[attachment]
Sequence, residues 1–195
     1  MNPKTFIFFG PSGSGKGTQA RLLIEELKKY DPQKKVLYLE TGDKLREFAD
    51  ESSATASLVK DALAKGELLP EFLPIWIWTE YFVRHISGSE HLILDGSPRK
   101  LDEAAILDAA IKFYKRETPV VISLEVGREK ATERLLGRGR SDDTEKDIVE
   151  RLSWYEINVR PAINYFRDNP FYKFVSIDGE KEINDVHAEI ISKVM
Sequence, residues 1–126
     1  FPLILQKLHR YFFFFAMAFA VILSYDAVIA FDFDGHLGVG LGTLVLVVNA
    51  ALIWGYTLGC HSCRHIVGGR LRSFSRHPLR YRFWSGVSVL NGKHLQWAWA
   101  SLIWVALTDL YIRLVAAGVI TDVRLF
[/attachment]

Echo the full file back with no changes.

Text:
Sequence, residues 1–195
     1  MNPKTFIFFG PSGSGKGTQA RLLIEELKKY DPQKKVLYLE TGDKLREFAD
    51  ESSATASLVK DALAKGELLP EFLPIWIWTE YFVRHISGSE HLILDGSPRK
   101  LDEAAILDAA IKFYKRETPV VISLEVGREK ATERLLGRGR SDDTEKDIVE
   151  RLSWYEINVR PAINYFRDNP FYKFVSIDGE KEINDVHAEI ISKVM
Sequence, residues 1–126
     1  FPLILQKLHR YFFFFAMAFA VILSYDAVIA FDFDGHLGVG LGTLVLVVNA
    51  ALIWGYTLGC HSCRHIVGGR LRSFSRHPLR YRFWSGVSVL NGKHLQWAWA
   101  SLIWVALTDL YIRLVAAGVI TDVRLF